The Eldredge, Fox & Porretti audit followed a scathing state Comptroller's Office audit of the school system that found numerous instances of waste, fraud and abuse of taxpayer monies within the district. In August 2008, the Board of Education hired EFP to scrutinize the $119.5 million capital improvements project, and to probe expense reimbursements and financial transactions involving former Superintendent Steven L. Walts and his employee cabinet.and subsequently get picked up by InsideNoVA:
Regarding Walts, auditors determined that while he may have had high cell phone bills during the months he was preparing for a new job in Virginia, the Greece school district was obligated to pay those bills under his employment contract. Auditors did criticize him and other former district officials for "excessive" travel expenses, including out-of-town hotel stays with room costs of $350 per night and up and a California trip that cost the district $2,100 in airfare.
Auditors also found Walts made several trips to Virginia between March and July 2005 and did not record those days as vacation days, something auditors called "a consistent pattern of activity" that cost the district nearly $10,000. Auditors said Walts "essentially spent the last week of his (Greece Central School District) employment conducting personal business."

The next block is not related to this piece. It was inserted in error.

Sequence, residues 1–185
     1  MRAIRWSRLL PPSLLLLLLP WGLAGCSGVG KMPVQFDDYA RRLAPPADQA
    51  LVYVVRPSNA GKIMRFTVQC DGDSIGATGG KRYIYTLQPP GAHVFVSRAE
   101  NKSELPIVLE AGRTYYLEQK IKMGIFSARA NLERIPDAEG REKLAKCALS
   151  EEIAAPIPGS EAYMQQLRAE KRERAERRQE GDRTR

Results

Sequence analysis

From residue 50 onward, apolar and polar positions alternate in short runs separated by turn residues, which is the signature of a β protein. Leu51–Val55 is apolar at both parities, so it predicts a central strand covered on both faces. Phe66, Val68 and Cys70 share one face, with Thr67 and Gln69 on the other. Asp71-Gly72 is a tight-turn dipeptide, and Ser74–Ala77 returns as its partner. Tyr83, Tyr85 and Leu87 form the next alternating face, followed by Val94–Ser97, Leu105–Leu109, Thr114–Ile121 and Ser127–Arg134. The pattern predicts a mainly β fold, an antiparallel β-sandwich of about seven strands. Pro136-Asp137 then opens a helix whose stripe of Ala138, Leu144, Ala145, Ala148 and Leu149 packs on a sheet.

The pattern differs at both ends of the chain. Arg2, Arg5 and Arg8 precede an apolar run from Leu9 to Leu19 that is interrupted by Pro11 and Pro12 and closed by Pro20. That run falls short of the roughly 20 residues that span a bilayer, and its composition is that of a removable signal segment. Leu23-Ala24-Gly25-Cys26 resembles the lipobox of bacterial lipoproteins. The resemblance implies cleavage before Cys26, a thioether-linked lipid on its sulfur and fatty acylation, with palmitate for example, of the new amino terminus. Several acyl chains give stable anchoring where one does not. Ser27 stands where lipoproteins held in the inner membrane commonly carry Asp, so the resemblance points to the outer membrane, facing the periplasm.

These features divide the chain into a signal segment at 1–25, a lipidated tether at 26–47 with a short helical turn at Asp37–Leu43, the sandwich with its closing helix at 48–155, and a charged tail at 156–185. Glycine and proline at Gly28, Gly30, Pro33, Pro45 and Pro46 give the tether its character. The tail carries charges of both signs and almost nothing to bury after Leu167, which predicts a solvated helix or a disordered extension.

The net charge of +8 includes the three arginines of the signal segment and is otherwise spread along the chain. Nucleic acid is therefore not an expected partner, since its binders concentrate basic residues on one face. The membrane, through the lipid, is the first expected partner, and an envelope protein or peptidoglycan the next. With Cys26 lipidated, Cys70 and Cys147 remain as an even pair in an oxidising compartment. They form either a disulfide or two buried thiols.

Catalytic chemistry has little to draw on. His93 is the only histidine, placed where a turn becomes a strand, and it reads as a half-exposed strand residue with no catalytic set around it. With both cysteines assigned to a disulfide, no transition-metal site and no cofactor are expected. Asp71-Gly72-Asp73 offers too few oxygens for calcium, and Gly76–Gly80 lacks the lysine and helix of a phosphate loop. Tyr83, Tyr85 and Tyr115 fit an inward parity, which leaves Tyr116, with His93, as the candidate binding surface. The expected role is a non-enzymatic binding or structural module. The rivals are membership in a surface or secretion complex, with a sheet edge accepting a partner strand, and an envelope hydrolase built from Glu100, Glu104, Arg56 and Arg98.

During Walts' seven-year stint as superintendent of the Greece (N.Y.) Central School District, over-charging by contractors on projects related to a 2001 Capital Improvement Plan budget were in excess of $200,000. In examining the CIP, the third-party auditors confirmed insufficient documentation, change order issues and inconsistent labor rates charged by contractors.The audit for the Greece Central School District can be read here.
"Quotes for work were often presented as a lump sum amount without any breakdown of labor, materials, or overhead and profit amounts," the document states. It also mentions that on many occa-sions, contractor invoices were found lacking in detail, in some cases just listing the amount due."
It's interesting reading like these gems that make me wonder why the superintendent's contract was renewed over the summer. When stories like these pop up, we can begin to point the fingers at those who had voted "yea" to renewal. Had I been on the school board two summers ago, I would have gladly voted for a severance package, and we would have been rid of this character, and perhaps have been able to find a far better, less shady, less soiled person to lead this school system. But no. The taxpayers ultimately pay the price.
I must wonder how well this will go down with the voters come 2011.